Serena Williams: Mountain just too high in brave Wimbledon fight against Harmony Tan

She was like Diana Ross at Glastonbury dusting down her greatest hits, and when the groove was good her long-time fans loved it.

Serena Williams thumps away a volley against Harmony Tan
Serena Williams thumps away a volley against Harmony Tan

Serena Williams was hoping to be supreme at Wimbledon once again. At 40 years of age, no less, and having been out of the game for almost a year.

But it looked like this might be one comeback too far against a spirited and skilful qualifier in France’s Harmony Tan. And even under Centre Court’s lights – because all divas love them – she succumbed 7-5, 1-6 7-6.

The end? “That's a question I can't answer,” Williams said afterwards. “I don't know. Who knows where I'll pop up?”

A tennis ignoramus happening across a match between one player called Serena and another answering to Harmony might have expected some polite, pleasant pit-pat. Nothing like.

This turned out to be the contest of the tournament. Thrilling rallies, shots of great subtlety and great power, a 20-minute blockbuster game. The crowd loving Williams’ endurance but also Tan’s courage. And the generous legend loving her opponent’s recoveries on the run and leading the applause.

Not to be confused with any High Street bronzing salon which might have appropriated her name, Harmony Tan is a 24-year-old ranked 113th in the world – but with her killer drop shot she never really looked like it.

Williams was urgently trying to rediscover the fearsome thunder which had brought her seven singles titles in this arena. For she was striving, yet again, for what has proved the most vital, elusive Major of her glittering career.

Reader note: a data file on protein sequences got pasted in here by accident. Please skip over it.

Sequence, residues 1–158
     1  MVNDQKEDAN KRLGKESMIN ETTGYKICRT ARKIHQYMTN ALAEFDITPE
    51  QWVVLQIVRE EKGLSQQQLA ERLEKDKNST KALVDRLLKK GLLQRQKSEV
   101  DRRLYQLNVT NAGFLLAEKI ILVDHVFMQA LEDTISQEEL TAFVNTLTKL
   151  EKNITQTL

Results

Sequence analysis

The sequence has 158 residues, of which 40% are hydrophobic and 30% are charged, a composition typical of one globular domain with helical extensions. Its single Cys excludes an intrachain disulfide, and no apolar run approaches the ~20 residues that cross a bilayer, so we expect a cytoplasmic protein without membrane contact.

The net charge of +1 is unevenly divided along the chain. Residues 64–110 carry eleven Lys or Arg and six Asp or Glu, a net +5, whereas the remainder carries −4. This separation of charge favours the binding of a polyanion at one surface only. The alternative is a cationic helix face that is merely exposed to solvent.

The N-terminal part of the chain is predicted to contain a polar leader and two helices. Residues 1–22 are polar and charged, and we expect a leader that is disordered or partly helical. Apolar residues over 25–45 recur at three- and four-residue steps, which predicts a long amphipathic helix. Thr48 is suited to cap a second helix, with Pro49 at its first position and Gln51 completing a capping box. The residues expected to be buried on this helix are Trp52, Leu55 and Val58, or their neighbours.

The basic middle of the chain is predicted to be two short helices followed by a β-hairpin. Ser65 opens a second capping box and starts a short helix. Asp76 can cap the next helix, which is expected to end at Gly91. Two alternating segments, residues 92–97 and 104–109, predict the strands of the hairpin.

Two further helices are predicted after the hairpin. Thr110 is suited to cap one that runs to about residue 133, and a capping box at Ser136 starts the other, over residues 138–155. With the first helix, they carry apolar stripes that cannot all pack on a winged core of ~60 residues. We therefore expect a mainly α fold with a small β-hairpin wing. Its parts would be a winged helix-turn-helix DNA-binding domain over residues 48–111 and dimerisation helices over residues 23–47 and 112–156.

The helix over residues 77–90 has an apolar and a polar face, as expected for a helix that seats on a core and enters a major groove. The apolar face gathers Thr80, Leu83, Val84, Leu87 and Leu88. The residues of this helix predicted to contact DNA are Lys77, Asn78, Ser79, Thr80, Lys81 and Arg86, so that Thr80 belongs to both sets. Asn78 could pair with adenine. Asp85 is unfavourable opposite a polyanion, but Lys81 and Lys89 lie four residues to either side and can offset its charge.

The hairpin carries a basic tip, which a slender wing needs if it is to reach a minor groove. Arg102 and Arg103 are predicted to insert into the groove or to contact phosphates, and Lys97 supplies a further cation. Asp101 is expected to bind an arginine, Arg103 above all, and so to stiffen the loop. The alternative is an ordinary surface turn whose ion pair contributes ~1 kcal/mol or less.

Vital, because a 24th in all Slams would have tied her with Margaret Court. Elusive, because having tumbled on the turf here and out of the tournament, she’d been discovering, as La Ross put it, that there ain’t no mountain higher.

What do you do, though, when you’ve done it all and won it all? Dabble. Williams the businesswoman went full pelt, as you might expected, by raising £90million to launch a venture capital fund, investing in a Los Angeles women’s football team and almost buying Chelsea.

But she hadn’t quite won it all. The 24th was still tantalisingly just out of reach. There were many agonising attempts which ended in disappointment, most spectacularly here. As more and more of the next generation’s volleys were proving to be out of reach as well, we wondered if that might be that.

Like the unfancied men across the net from Andy Murray, Novak Djokovic and Rafael Nadal, Tan didn’t shrink beneath the packed stands of Centre – she grew. Even when Williams broke her early in the final set she didn’t wilt. And when Tan broke back, a lovely cross-courter sealing the game, Williams clapped her racket once more.

Next game Tan kept dropping and dropping to lead the terrific contest once again. Serving, Williams was in trouble but, with the rallies maintaining stunning quality, she let rip with a lioness’s roar to celebrate a winner. But that was nothing compared with the noise, from Williams and the crowd, after an outrageous riposte, the dropee getting her own back on the dropper. A tie-break, another drop-shot from Williams for match-point; Tan saved. Then, incredibly, another from the icon but this one was too weak, the mountain just too high.


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